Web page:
The Chandra Gurung Conservation Foundation (CGCF) is a social service organisation founded by Chandra Gurung's extensive network of colleagues, friends and staff. It works in tandem with its sister organization in the US, the Chandra Gurung Conservation Trust. Together, their mission is to mentor and support the next generation of sustainable development practitioners from Nepal, and to keep the legacy of Chandra Gurung alive, especially his people-centered approach to nature conservation.

The Chandra Gurung Memorial Scholarship

The World Wildlife Fund (WWF) has also established the Chandra Gurung Memorial Scholarship to provide financial assistance to conservationists from Nepal who wish to pursue a master's degree in a conservation-related field. Chandra Gurung's protégé, Hum Gurung, says the scholarship has given permanence to the memory of Nepal's conservation heroes. He adds: "They may no longer be with us, but their work will go on."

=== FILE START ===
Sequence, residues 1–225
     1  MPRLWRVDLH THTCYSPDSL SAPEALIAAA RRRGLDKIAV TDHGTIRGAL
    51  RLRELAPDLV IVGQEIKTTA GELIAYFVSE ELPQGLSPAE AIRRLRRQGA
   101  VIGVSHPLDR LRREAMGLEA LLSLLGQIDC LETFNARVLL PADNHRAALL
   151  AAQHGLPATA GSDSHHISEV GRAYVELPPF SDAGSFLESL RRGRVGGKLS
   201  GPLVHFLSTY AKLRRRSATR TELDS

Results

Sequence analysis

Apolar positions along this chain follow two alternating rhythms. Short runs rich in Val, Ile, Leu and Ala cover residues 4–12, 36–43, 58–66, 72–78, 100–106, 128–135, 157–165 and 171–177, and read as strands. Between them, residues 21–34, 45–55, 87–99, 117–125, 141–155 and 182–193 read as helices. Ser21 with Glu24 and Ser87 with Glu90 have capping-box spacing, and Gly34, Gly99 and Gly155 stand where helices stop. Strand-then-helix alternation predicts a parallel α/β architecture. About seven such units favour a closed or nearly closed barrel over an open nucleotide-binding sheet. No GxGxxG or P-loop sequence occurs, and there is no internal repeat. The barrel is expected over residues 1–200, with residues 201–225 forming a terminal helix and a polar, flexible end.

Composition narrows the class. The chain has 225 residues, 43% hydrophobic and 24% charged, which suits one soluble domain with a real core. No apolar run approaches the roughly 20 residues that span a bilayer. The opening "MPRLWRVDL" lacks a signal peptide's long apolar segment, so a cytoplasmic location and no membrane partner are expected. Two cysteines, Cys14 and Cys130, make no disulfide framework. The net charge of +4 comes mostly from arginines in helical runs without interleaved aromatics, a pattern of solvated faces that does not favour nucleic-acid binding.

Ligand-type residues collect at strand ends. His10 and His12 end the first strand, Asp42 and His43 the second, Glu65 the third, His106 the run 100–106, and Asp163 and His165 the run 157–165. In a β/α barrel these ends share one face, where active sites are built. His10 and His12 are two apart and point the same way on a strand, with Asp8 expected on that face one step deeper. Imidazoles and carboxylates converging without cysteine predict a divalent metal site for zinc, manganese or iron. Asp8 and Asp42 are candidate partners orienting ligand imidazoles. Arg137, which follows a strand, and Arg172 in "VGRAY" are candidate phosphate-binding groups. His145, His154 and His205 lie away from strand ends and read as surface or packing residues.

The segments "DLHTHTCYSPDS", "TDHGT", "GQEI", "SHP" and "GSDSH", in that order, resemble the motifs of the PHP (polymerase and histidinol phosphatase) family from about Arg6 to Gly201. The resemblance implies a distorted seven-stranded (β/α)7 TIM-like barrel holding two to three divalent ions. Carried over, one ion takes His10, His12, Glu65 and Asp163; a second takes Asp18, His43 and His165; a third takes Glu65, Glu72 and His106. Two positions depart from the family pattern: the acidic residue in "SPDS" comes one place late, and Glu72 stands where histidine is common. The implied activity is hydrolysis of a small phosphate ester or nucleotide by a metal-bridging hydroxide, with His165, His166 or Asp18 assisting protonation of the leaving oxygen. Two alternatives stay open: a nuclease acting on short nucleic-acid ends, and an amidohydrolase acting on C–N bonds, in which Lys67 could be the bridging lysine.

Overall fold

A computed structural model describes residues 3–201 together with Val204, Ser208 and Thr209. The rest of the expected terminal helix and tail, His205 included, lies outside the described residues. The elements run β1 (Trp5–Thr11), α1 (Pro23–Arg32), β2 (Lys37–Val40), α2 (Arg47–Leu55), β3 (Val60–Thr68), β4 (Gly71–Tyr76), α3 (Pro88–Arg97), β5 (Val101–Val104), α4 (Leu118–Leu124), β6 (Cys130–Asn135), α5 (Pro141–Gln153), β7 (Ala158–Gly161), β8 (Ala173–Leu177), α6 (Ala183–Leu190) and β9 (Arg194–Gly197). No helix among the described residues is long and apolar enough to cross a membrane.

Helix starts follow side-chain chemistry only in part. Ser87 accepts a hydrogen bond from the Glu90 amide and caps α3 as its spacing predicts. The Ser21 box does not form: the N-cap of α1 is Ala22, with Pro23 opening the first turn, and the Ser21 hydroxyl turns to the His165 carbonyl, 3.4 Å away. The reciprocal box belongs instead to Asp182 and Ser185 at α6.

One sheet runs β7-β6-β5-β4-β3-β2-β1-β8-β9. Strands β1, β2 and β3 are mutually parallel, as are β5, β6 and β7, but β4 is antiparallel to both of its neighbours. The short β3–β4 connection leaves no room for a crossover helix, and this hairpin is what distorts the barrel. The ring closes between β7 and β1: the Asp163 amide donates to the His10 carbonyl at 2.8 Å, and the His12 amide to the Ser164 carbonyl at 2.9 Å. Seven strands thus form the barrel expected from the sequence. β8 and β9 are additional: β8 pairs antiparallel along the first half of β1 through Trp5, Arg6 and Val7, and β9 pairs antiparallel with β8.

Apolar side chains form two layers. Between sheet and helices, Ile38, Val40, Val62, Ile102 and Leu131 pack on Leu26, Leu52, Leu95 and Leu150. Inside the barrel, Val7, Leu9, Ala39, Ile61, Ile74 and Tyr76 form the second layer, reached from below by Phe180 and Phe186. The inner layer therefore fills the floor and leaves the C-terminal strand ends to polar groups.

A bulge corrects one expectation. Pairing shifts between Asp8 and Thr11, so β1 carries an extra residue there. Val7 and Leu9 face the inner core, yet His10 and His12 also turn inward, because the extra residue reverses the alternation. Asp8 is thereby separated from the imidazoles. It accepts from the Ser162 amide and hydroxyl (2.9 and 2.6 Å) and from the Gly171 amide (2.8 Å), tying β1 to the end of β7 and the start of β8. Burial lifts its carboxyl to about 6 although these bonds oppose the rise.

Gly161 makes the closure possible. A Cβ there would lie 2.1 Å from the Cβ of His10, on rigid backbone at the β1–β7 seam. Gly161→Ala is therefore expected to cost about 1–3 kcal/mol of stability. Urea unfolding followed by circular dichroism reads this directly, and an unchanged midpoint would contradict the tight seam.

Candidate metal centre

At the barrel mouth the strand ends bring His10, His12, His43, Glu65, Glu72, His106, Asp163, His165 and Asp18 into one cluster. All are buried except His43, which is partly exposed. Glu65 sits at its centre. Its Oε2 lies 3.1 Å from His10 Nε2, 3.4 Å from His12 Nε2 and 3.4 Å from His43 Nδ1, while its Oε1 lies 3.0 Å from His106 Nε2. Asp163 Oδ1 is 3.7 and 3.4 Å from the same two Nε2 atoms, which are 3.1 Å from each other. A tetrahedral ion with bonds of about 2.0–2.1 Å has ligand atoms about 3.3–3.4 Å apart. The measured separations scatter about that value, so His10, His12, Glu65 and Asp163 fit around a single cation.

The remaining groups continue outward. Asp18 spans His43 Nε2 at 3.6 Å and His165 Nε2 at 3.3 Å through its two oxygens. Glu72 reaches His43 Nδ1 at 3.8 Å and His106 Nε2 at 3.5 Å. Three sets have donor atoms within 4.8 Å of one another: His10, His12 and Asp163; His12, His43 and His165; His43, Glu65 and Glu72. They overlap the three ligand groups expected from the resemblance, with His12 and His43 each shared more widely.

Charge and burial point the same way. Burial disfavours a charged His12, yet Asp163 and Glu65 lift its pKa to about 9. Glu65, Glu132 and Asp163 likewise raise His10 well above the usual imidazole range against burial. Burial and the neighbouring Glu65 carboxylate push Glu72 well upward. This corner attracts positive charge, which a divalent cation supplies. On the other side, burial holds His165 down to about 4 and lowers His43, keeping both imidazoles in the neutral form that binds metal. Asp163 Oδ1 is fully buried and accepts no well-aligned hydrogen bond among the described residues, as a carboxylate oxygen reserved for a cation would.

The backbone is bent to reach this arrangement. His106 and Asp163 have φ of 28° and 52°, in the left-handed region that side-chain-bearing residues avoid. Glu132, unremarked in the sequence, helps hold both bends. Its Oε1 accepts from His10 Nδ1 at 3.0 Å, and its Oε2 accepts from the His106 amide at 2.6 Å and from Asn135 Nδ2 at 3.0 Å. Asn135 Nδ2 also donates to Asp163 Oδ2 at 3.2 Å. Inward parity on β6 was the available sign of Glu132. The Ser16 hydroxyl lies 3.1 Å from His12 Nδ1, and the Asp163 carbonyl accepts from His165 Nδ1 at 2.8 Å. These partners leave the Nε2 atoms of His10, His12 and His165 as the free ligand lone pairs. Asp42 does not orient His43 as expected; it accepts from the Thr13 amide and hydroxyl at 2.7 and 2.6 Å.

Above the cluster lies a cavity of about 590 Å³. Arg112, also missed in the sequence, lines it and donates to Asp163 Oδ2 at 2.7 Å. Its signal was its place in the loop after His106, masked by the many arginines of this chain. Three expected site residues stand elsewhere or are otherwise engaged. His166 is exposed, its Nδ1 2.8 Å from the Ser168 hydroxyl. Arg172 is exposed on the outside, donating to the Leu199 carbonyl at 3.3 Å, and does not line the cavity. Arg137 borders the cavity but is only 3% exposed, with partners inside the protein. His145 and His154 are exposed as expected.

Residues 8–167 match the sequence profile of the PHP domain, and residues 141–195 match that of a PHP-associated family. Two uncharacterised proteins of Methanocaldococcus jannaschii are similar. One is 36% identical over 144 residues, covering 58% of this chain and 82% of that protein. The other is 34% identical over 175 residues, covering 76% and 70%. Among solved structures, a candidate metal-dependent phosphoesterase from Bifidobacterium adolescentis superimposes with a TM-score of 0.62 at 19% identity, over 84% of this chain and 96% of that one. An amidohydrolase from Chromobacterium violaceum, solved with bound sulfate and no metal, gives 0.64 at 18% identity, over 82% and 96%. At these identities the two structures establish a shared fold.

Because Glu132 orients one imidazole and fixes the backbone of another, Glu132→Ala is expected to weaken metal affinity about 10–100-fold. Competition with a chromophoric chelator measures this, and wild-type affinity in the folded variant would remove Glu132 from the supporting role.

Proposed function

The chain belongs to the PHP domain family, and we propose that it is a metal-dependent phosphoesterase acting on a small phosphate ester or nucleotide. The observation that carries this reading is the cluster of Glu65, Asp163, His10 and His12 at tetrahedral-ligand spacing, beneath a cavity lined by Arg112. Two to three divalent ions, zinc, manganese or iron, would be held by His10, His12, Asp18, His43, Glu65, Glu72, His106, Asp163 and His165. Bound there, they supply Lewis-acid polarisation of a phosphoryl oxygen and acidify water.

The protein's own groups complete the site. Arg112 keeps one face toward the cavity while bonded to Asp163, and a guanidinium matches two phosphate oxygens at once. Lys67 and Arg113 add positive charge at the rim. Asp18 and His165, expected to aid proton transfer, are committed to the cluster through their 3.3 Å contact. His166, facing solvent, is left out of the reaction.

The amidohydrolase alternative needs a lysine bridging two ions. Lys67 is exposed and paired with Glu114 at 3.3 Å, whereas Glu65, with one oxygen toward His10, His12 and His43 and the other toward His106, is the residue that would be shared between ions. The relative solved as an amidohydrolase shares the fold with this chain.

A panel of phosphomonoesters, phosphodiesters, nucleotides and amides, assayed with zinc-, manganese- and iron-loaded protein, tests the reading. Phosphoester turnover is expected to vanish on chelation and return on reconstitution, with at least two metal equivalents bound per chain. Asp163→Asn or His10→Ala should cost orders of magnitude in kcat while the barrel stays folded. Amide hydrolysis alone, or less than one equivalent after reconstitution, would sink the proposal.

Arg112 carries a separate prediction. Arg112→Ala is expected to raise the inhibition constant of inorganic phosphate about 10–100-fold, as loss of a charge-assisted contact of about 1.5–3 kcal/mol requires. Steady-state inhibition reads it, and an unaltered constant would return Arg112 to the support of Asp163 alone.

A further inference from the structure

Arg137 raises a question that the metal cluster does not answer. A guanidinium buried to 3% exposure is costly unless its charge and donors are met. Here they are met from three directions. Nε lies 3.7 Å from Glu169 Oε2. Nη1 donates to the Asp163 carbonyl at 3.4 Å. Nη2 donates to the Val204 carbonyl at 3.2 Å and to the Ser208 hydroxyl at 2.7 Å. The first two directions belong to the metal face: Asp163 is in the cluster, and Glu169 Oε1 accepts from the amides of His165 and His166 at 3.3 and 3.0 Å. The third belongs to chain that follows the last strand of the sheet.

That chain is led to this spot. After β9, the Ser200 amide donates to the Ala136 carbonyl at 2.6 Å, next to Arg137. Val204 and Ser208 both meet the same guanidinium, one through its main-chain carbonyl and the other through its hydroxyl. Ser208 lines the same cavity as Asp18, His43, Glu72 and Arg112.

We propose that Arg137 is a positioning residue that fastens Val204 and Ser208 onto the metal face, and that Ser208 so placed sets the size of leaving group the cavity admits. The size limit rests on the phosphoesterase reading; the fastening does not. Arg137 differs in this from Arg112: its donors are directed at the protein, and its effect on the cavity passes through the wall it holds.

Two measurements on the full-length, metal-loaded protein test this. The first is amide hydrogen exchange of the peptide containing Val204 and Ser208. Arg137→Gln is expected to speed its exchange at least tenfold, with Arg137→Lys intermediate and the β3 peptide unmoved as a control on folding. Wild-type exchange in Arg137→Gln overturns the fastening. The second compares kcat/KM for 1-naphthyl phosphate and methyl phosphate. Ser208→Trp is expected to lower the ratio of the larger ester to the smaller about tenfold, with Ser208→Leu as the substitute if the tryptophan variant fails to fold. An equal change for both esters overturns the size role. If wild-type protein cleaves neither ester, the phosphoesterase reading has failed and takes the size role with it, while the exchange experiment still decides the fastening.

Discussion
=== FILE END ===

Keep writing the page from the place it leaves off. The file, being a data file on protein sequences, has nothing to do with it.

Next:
Mingma Norbu Sherpa Memorial Fund
Mingma Sherpa was in the first batch of students to graduate from the Hillary Khumjung School set up by Sir Edmund Hillary in Khumbu. This fund has been set up in New Zealand as a "living memorial to Mingma Sherpa". It has established an endowment fund to support students from the Himalaya to conduct post-graduate studies at Lincoln University, New Zealand where Mingma also studied.

Mingma Sherpa Memorial Scholarship
The Mingma Sherpa Memorial Scholarship has also been established to award students who have completed 10 years of compulsory education and would like to pursue a Technical Certificate Level in Forestry at the Institute of Forestry (IOF), Pokhara Campus. After completing, WWF will also support Mingma Sherpa Scholars to attend a four-year Bachelor of Science Degree program in Forestry at IOF.

Gopal Meena Rai Academy Nepal

The academy was established in 2007 in memory of Gopal Rai, Minister of State for Forest and Soil Conservation and his wife Meena who died in the Ghunsa helicopter crash. It has been organising blood donation programs and recently provided a scholarship to a student of Tapeshwor Higher Secondary School in Kavre.

Jill Bowling Schlaepfer Memorial Scholarship